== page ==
5. It has been observed that article 50 further requires that the buyer express its intention to reduce the price.[9]

6. Article 50, second sentence, states the more or less self-evident rule that the remedy of price reduction is no longer available when the seller has remedied any defects either under article 37 (cure in case of early delivery) or under article 48 (cure after date for delivery). The same result applies if the buyer refuses to accept performance when the seller has offered cure in accordance with articles 37 or 48.[10]

7. As provided for in article 45(2), the buyer can combine several remedies under articles 46-52; consequently, the buyer can also combine price reduction with a damages claim. However, where damages are claimed in combination with price reduction, damages can only be awarded for any loss other than the reduced value of the goods because this loss is already reflected by the price reduction.[11]

Calculation of price reduction

8. The amount of price reduction has to be calculated in a proportionate way. The contract price has to be reduced in proportion of the value of the delivered goods to the value conforming goods would have. The relevant date for the comparison of values is the date of actual delivery at the place of delivery.[12]

Place of performance

9. The place of performance of the remedy of price reduction is located where the place of performance for the delivery of the goods lies.[13]


FOOTNOTES

* The present text was prepared using the full text of the decisions cited in the Case Law on UNCITRAL Texts (CLOUT) abstracts and other citations listed in the footnotes. The abstracts are intended to serve only as summaries of the underlying decisions and may not reflect all the points made in the digest. Readers are advised to consult the full texts of the listed court and arbitral decisions rather than relying solely on the CLOUT abstracts.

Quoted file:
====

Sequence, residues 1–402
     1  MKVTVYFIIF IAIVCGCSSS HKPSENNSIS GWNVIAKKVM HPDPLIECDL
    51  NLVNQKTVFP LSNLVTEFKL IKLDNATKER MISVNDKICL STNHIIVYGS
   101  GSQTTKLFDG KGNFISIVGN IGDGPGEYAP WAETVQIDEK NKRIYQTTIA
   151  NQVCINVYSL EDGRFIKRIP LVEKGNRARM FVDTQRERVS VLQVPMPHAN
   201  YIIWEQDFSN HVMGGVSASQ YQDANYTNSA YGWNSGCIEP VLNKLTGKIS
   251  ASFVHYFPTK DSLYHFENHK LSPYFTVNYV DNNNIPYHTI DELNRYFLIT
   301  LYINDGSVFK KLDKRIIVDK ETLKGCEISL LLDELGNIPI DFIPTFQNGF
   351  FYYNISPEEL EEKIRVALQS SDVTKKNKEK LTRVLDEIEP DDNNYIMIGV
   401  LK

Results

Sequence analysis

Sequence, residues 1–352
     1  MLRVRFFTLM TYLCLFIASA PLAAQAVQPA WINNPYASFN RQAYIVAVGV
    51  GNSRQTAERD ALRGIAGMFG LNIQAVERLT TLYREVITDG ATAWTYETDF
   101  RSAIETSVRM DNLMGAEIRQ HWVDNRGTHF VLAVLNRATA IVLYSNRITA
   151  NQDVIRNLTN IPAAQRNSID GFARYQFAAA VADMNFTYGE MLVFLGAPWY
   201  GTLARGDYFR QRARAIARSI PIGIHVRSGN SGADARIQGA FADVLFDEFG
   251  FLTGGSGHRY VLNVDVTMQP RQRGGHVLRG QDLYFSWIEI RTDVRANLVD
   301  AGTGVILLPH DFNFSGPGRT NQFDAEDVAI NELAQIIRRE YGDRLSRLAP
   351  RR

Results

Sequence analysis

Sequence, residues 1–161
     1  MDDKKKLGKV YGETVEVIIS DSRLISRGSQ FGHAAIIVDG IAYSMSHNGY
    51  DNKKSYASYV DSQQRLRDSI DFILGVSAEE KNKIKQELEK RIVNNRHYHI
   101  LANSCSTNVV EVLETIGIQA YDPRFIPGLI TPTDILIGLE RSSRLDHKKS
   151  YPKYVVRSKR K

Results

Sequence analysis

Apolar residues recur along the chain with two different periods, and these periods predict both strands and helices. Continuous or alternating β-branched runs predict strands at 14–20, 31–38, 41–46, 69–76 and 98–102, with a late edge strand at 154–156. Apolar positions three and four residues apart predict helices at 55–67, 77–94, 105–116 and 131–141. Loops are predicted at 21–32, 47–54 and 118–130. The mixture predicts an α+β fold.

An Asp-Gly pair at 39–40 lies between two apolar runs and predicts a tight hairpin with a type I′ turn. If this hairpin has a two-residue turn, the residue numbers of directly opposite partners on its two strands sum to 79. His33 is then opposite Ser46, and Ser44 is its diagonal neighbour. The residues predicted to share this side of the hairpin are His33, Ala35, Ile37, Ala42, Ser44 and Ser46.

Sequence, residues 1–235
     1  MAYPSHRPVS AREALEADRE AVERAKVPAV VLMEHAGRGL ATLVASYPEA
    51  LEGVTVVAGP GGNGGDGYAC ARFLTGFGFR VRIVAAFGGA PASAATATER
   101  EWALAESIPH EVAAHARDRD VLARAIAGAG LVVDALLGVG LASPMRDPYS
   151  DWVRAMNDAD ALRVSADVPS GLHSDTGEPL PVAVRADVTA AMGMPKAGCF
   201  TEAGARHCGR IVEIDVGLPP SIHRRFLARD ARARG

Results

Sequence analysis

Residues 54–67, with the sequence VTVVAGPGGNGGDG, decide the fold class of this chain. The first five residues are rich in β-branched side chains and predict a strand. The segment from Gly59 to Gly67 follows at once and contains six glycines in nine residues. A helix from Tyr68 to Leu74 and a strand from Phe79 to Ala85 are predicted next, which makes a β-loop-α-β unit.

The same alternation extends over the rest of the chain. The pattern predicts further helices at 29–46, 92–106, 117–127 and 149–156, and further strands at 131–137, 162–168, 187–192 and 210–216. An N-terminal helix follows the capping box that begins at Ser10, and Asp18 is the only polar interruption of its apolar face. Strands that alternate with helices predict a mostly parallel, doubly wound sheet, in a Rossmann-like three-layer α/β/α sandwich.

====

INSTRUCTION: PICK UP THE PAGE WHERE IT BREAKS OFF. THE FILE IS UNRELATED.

[Citations to cisgw3 case presentations have been substituted [in brackets] for the case citations provided in the UNCITRAL Digest. This substitution has been made to facilitate online access to CLOUT abstracts, original texts of court and arbitral decisions, and full text English translations of these texts (available in most but not all cases). For citations UNCITRAL had used, go to <http://www.uncitral.org/english/clout/digest_cisg_e.htm>.]

1. [UNITED STATES Braun v. Alitalia Federal District Court [New York] 6 April 1994, available online at <http://cisgw3.law.pace.edu/cases/940406u1.html>]; CLOUT case No. 377 [Germany Landgericht [District Court] Flensburg 24 March 1999, available online at <http://cisgw3.law.pace.edu/cases/990324g2.html>] (see full text of the decision).

2. Including the weight of the goods, see [UNITED STATES Braun v. Alitalia Federal District Court [New York] 6 April 1994, available online at <http://cisgw3.law.pace.edu/cases/940406u1.html>].

3. Article 48 to which article 50 refers covers also the cure of documents, see Digest, article 48.

4. [Germany Landgericht [District Court] Düsseldorf 5 March 1996, available online at <http://cisgw3.law.pace.edu/cases/960305g1.html>].

5. See Official Records of the United Nations Conference on Contracts for the International Sale of Goods, Vienna, 10 March-11 April 1980 (United Nations publication, Sales No. E.81.IV.3), 42, para. 5.

6. CLOUT case No. 56 [SWITZERLAND Pretore [District Court] Canton of Ticino, Locarno Campagna 27 April 1992, available online at <http://cisgw3.law.pace.edu/cases/920427s1.html>].